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New White Paper and NAB Workshop: Strategies for Secure OTT Video in a Multiscreen World March 22, 2015

Posted by Bill Rosenblatt in DRM, Events, Standards, Technologies, White Papers.
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I have just released a new white paper called Strategies for Secure OTT Video in a Multiscreen World.  The paper covers the emerging world of multi-platform over-the-top (OTT) video applications and how to manage their development for maximum flexibility and cost containment in today’s world of constantly expanding devices and user expectations of “any time, any device, anywhere.”  It’s available for download here.

The key technologies that the white paper focuses on are adaptive bitrate streaming (MPEG DASH as an emerging standard) and the integration of Hollywood-approved DRM schemes with HTML5 through Common Encryption (CENC) and Encrypted Media Extensions (EME).

It is becoming possible to integrate DRM with browser-based apps in a way that minimizes native code and without resorting to plug-in schemes like Microsoft’s Silverlight.  Yet the HTML5 EME specification creates dependencies between browsers and DRMs, so that — at least in the near future — it will only be possible in many cases to integrate a DRM with a browser from the same vendor: for example, Google’s Widevine DRM with the Chrome browser or Microsoft PlayReady with Internet Explorer.  In other words, while the future points to consolidation around web app technologies and adaptive bitrate streaming, the DRM and browser markets will continue to be fragmented.  In other words, to be able to offer premium movie and TV content, service providers will need to support multiple DRMs for the foreseeable future.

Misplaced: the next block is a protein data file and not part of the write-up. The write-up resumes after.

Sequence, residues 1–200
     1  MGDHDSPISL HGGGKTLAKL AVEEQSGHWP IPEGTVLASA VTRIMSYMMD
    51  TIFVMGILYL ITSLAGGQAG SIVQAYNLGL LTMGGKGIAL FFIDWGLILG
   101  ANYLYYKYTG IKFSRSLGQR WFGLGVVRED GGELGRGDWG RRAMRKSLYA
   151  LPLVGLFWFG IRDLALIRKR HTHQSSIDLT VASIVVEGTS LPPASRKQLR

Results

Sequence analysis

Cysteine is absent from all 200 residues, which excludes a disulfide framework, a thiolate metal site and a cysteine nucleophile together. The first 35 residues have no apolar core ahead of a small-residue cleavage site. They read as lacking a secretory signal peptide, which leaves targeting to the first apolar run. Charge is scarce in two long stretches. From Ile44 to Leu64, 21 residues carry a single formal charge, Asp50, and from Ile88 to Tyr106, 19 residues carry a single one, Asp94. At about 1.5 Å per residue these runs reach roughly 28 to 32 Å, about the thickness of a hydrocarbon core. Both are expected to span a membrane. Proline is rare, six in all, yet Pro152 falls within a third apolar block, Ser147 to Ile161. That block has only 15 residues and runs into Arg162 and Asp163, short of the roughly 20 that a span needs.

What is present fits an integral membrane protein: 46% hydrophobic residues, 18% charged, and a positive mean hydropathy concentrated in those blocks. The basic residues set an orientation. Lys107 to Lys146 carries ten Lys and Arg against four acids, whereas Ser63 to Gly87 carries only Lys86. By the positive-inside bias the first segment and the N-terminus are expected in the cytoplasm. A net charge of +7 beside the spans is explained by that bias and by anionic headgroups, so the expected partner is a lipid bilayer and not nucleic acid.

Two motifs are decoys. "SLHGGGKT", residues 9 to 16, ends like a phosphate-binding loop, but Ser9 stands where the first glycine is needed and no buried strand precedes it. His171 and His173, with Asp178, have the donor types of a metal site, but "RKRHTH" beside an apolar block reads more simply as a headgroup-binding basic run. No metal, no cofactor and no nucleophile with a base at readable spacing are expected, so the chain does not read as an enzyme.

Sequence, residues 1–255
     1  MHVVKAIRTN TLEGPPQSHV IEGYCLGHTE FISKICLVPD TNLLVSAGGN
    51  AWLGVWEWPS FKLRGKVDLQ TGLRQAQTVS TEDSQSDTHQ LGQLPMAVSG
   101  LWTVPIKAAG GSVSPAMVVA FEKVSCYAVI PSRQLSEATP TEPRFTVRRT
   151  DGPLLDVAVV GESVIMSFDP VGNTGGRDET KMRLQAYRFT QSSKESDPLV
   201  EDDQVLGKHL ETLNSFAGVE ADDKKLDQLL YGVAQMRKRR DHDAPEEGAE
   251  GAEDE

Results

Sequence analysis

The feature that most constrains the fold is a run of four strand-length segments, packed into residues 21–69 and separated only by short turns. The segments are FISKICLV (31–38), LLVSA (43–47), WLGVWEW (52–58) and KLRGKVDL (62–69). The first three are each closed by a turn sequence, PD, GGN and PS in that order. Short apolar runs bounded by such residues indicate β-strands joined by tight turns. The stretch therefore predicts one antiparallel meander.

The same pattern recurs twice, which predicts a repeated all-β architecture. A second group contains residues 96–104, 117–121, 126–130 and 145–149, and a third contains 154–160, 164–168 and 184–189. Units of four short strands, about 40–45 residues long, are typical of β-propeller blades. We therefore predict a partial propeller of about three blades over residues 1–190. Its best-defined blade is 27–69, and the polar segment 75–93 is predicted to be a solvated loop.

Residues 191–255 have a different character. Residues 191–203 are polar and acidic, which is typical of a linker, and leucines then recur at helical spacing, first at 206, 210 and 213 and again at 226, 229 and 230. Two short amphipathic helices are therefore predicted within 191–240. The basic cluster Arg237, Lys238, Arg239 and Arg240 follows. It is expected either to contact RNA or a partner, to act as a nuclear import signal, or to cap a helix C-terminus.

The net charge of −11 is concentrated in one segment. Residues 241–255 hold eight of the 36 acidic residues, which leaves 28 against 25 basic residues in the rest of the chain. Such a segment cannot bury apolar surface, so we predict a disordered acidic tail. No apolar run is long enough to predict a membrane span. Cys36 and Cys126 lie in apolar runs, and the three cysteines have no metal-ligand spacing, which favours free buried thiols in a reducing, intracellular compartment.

The white paper lays out a high-level solution architecture that OTT service providers can use to take as much advantage as possible of current and emerging standards while isolating and minimizing the sources of technical complexity that are likely to persist for a while.  It calls for standardizing on adaptive bitrate streaming and app development technologies while allowing for and containing the complexities around browsers and DRMs.

Many thanks to Irdeto for commissioning this white paper.   In addition, Irdeto and I will present a workshop at the NAB trade show on Tuesday, April 14 at 1pm, at The Wynn in Las Vegas.  I’ll give a presentation that summarizes the white paper; then I’ll moderate a panel discussion with the following distinguished guests:

  • Dave Belt, Principal Architect, Time Warner Cable
  • Jean Choquette, Director of Multiplatform Video on Demand, Videotron
  • Shawn Michels, Senior Product Manager, Akamai
  • Richard Frankland, VP Americas, Irdeto